A Brief History of Dog Training - 70 years of Clicker Training - by Gail Fisher


In the beginning . . .
there was Col. Konrad Most - arguably the father of modern "traditional" dog training. Most trained military dogs in Germany at the turn of the 20th Century. His book, Training Dogs - A Manual, was published in German in 1910, but wasn't translated into English until 1954, the year of his death.

Most's training approach was widely adopted as the model for military training throughout the world, and is still used today for many military, police and service dog training programs. Although his techniques, which rely on collar corrections and punishment are considered and heavy-handed from today's perspective, Most's methods are based on the principles of operant learning that form the basis of clicker training.

Most's training techniques spread throughout the world as his students and disciples emigrated to other countries. Coming to the U.S. were Josef Weber (The Dog in Training, 1939) and Hans Tosutti (Companion Dog Training, 1948) who opened schools for training dogs in Philadelphia and Boston respectively. (In 1936, Tosutti founded the New England Dog Training Club in Boston - the oldest existing AKC member obedience training club in the country.)

One of Weber's students in the U.S. was Blanche Saunders (The Complete Book of Dog Obedience, 1954 and The Story of Dog Obedience, 1974). Saunders and Helene Whitehouse Walker are the originators of AKC Obedience trials, and traveled around the country spreading the concept of companion dog training to the public. Among Saunders' students and followers were many of the well-known trainers of the 1950's and 60's, including Winifred Strickland.

It's important to have this historical perspective to understand the global nature of so-called "traditional" training - based on the teachings of Konrad Most.

So what of clicker training? A video produced by Bob and Marion Bailey called "Patient Like the Chipmunks" offers an outstanding view of the history of operant conditioning of animals. Marion Bailey and her first husband, Keller Breland, were graduate students of B.F. Skinner. Leaving graduate school in the early '40's, they started Animal Behavior Enterprises - a business that trained and provided scores of animal species for commercial purposes.

Keller Breland was the first dog trainer to use a clicker - a tin cricket to, as he said, "bridge the time between the behavior and the delivery of the reinforcer." (Quote from a conversation with Marion Breland Bailey). He used the sound to mark the desired behavior when training field dogs and herding dogs work in a field away from the handler. Breland called the click sound a "bridging stimulus."

It's possible that Breland's training approach using operant conditioning with a conditioned reinforcer might have spread beyond his own business were it not for World War II, which solidified the military model in pet dog training. Enter William Koehler, who, like Most was a military dog trainer. A Hollywood dog trainer, his book the Koehler Method of Dog Training was, and may still remain, the all-time best selling dog training book, forming the basis for virtually all dog training from the 1950's into the '70's.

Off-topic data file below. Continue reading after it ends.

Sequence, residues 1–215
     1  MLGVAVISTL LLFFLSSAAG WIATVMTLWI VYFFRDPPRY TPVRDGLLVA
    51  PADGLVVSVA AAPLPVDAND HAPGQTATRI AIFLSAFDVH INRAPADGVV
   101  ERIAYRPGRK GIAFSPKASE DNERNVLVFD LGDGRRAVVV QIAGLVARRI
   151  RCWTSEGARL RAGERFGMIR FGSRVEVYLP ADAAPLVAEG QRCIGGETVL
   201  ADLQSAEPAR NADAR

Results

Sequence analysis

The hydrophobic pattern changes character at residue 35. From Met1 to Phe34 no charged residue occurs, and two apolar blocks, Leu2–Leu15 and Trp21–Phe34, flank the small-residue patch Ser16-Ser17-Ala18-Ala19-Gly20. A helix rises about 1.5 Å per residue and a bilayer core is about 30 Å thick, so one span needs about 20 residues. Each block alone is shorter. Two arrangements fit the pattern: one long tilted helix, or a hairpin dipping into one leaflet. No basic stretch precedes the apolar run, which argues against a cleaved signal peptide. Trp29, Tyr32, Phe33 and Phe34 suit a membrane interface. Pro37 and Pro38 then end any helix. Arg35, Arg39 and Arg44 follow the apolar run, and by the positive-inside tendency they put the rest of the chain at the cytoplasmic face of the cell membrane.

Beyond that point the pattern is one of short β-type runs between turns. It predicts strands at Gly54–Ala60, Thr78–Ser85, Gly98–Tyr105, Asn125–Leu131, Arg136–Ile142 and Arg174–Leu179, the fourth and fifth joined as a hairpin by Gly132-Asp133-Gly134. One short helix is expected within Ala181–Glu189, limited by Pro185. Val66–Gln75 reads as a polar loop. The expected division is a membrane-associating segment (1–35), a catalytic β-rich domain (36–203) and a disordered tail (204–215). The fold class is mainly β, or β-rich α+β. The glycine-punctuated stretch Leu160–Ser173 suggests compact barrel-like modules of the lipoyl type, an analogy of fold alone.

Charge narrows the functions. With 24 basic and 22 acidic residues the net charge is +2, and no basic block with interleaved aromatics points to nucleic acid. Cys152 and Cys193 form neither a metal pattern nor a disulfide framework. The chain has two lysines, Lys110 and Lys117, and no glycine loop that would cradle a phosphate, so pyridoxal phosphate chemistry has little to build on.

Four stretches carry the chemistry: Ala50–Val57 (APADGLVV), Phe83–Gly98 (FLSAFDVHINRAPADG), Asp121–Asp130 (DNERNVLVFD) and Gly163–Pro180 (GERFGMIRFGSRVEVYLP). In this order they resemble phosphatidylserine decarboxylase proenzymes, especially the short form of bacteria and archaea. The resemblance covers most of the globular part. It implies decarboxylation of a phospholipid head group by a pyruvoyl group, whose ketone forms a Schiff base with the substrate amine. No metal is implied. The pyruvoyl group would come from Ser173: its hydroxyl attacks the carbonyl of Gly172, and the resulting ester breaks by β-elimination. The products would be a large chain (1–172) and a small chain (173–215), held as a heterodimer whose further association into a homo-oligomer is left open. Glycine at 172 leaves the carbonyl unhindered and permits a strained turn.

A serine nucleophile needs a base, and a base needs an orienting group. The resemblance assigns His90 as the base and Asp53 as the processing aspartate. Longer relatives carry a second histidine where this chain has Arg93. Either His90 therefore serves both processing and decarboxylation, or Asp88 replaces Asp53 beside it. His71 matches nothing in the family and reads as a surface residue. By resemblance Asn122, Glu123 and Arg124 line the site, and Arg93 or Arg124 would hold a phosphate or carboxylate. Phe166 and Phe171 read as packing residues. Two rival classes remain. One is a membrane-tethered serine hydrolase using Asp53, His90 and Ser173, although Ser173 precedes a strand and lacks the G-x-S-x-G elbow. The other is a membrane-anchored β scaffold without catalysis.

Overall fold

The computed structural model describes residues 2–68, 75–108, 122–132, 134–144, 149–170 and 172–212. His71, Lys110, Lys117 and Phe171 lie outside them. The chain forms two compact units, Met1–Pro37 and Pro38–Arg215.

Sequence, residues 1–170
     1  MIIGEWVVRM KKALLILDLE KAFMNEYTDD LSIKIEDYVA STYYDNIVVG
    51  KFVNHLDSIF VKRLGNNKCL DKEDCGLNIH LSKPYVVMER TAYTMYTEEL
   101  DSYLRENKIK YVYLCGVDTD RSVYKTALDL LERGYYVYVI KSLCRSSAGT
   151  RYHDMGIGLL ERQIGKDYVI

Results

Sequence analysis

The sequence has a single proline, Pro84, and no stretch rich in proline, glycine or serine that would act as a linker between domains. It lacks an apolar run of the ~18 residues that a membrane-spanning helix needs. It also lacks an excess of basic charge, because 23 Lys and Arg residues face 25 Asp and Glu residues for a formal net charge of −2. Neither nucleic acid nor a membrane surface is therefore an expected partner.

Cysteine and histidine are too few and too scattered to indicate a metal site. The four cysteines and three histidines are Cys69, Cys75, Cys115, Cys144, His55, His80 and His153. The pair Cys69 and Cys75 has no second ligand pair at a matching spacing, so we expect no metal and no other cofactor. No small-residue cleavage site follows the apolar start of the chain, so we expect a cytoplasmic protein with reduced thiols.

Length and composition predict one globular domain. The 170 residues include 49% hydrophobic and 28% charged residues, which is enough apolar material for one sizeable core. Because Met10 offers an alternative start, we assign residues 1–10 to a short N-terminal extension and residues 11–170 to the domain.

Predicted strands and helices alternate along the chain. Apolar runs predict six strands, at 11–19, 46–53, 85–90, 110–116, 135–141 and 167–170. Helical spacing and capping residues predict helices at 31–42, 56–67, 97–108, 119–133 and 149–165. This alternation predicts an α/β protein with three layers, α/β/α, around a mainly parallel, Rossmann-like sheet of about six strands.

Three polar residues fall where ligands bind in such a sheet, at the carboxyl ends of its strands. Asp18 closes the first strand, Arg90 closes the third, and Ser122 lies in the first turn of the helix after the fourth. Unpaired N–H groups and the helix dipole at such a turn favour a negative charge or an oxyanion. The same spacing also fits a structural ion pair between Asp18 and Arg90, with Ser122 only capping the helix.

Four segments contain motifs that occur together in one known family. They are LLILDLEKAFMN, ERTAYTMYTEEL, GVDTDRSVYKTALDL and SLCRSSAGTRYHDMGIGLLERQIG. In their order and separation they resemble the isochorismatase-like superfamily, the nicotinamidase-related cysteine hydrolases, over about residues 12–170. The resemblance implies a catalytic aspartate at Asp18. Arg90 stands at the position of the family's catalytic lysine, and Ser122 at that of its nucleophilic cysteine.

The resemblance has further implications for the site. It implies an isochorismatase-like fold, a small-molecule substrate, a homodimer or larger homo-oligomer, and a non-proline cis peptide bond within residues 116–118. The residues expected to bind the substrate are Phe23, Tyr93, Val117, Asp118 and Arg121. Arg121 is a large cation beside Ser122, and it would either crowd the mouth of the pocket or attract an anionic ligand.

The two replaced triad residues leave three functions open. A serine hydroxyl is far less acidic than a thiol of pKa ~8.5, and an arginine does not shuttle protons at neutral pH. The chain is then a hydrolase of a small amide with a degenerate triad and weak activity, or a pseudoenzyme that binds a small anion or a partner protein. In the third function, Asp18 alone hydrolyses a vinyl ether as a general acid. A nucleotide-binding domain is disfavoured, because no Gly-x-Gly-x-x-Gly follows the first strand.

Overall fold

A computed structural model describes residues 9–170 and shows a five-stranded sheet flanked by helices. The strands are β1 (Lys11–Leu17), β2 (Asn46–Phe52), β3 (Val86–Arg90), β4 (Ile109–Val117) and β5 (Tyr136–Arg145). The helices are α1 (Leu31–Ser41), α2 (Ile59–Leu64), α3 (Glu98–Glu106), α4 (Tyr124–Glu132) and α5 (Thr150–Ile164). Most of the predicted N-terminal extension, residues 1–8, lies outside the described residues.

Meanwhile, clicker training was being used by Keller Breland with other species. In the 1950's Marineland hired him to develop a training program for their marine mammals. In a matter of weeks, Keller devised the system of marine mammal training that is still in use today. The Brelands worked with many trainers and associates who worked in a variety of locations, including Sea Life Park, which was then owned by Karen Pryor and her husband.

Skip ahead a few years to 1984 when Karen Pryor wrote Don't Shoot the Dog, a guide to human interpersonal relations. Serendipitously, the book's title skyrocketed Pryor (well, perhaps 6 or 7 years isn't exactly a skyrocket) to the attention of dog trainers. Pryor met Gary Wilkes-a professional dog trainer and the first person since Keller Breland to use clicker training on a wide variety of dogs in a wide variety of applications. Gary and Karen hooked up to do seminars together and the die was cast for the word of clicker training to spread throughout the dog-training community.

It is through the wonders of the Internet that clicker training has spread as rapidly as it has-else what has happened in less than 10 years might have taken 25 or more.

Why is this history important? Well, history is important - and fascinating. And as this history demonstrates, clicker training is not just some touchy feely, New Age approach to training dogs. Keller Breland used clicker training with dogs over 70 years ago -a decade before marine mammals. But it's taken nearly all this time for the dog training community to catch up. And thank goodness we have. Dogs are the better for it!

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